Fans and members of the media were more appreciative of the results Nomo produced than the Buffaloes however. After the 1994 season, wrapping up a stretch within the first four years where he compiled 17 or 18 wins per season, Nomo demanded a multi-year contract.
What was the Buffaloes’ loss, turned out to be the Los Angeles Dodgers’ gain.
After retiring from Japanese baseball in order to get out of his contract with the Buffaloes, Nomo found a new opportunity in Los Angeles. His career in the States started off oddly enough, very similar to the way his career began in Japan. Due in large part to his unique delivery, batters were unable to solve the pitching mystery Nomo presented every five days in each start and he ended up leading the league in strike outs with 236, finished second in ERA at 2.54. Along the way, he broke Koufax’s team record of strike outs per nine innings with 11.101 to Koufax’s 10.546, started the All-Star Game and won the NL Rookie of the Year award.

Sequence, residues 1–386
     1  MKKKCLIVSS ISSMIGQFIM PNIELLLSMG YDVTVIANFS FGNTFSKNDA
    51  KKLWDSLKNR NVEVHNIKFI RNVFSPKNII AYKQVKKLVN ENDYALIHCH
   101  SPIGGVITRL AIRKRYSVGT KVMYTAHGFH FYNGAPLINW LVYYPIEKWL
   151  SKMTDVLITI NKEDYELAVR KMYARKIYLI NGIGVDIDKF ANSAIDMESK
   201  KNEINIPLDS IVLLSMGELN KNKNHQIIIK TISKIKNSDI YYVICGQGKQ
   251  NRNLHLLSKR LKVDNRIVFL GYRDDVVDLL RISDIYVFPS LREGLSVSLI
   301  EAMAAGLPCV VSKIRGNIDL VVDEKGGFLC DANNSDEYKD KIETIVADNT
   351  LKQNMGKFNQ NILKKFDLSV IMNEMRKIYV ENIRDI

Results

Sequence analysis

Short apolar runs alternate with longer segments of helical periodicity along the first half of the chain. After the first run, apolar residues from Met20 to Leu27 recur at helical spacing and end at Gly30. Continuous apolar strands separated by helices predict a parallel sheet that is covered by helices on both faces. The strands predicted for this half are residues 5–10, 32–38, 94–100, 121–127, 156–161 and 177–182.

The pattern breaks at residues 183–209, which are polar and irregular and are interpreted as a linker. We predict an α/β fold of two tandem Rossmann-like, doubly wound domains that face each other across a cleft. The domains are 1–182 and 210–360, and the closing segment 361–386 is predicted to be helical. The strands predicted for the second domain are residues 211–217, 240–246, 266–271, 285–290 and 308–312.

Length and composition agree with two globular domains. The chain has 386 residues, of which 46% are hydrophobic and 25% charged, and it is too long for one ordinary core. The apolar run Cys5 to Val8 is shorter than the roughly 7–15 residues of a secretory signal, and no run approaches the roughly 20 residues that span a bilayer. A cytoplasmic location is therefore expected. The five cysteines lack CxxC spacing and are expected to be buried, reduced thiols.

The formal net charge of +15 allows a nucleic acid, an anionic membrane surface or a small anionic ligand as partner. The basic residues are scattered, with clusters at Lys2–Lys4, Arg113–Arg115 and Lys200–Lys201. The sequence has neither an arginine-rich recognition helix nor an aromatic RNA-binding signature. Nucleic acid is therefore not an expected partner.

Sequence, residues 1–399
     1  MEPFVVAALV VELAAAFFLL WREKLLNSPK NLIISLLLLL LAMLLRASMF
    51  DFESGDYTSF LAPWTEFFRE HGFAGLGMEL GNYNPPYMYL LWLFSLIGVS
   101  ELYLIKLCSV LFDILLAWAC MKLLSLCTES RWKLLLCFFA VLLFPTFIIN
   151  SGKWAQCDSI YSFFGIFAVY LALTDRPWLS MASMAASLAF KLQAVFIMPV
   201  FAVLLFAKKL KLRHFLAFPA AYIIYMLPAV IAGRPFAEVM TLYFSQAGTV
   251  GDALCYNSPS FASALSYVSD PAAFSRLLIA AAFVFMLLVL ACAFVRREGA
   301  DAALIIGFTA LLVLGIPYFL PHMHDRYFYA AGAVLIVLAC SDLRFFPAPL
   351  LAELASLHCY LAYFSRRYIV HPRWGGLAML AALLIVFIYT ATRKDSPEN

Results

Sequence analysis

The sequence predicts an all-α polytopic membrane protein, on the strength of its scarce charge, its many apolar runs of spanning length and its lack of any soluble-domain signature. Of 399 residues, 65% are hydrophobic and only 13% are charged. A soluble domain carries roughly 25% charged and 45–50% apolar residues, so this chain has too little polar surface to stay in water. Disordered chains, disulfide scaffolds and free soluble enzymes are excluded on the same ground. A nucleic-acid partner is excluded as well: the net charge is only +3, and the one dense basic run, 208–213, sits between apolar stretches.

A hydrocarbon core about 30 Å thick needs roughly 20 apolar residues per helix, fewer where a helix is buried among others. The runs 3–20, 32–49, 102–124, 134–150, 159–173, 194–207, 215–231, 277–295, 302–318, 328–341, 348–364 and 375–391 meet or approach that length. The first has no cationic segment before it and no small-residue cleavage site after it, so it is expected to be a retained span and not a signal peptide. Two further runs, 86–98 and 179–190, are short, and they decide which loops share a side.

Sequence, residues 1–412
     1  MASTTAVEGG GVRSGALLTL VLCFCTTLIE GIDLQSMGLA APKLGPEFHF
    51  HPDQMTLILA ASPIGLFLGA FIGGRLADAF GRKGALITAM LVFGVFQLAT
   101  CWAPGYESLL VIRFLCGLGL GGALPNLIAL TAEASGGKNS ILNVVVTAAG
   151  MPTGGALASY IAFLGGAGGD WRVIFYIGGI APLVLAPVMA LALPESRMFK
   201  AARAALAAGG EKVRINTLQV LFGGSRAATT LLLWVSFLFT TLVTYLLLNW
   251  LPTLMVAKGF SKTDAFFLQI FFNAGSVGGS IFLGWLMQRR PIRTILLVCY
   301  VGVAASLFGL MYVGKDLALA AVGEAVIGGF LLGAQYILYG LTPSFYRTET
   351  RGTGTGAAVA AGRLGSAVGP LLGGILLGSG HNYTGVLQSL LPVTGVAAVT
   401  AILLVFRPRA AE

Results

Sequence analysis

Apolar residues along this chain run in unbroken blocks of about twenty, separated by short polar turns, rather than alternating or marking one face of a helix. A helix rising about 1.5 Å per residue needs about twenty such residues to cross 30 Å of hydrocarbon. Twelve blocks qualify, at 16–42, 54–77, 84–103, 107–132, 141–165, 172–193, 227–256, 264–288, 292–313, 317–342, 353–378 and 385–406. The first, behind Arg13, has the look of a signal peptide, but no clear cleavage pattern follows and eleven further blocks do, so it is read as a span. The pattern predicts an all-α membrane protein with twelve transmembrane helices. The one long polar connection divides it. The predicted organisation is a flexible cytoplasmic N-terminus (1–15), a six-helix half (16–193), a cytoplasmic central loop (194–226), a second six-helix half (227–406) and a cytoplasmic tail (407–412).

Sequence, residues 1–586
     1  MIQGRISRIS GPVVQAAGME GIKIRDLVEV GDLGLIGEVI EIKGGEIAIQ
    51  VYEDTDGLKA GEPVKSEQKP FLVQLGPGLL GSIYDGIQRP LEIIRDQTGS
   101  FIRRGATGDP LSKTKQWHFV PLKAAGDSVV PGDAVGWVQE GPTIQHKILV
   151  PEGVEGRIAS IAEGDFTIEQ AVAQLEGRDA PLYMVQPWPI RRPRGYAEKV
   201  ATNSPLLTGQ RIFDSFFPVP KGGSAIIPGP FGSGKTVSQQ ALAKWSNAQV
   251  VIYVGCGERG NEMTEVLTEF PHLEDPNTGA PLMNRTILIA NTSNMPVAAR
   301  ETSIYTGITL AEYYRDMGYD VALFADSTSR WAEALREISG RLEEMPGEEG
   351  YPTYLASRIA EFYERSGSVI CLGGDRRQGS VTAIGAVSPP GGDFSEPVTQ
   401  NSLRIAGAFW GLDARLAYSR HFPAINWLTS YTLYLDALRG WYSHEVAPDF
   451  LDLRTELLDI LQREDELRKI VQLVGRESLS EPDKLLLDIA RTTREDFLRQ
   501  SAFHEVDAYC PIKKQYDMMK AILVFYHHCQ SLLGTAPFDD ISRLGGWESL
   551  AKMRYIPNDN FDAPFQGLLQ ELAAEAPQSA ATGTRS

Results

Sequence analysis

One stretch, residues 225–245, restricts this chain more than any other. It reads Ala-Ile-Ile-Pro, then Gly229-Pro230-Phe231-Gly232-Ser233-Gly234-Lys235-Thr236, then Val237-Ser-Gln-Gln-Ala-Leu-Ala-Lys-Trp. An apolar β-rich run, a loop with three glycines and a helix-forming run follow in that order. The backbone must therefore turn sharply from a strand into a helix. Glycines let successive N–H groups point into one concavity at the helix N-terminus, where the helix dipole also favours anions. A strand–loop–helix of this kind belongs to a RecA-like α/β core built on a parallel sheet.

Many would argue that a professional ballplayer with years of experience in Japan should not be up for MLB Rookie of The Year voting consideration. I understand that mentality, however, a player’s first year in the league is just that, no matter where their prior experience comes from. Also, it can be argued that the player coming in from Japan or some other international location is up against much more than the rookie of the year contender that is from the United States. The language, culture, nuances, and comfort are not the same as they were in their other league. The player from the international league has to figure out how to survive on the playing field as well as within their new surroundings off the field. The argument could certainly be made that an outstanding rookie campaign by an international star is much more difficult. That argument was made in 1995 and the pro-Nomo side won. Future star, Chipper Jones, finished second in the NL Rookie of the Year race that year as voters gave the advantage to Nomo. Or perhaps I should say, disadvantage.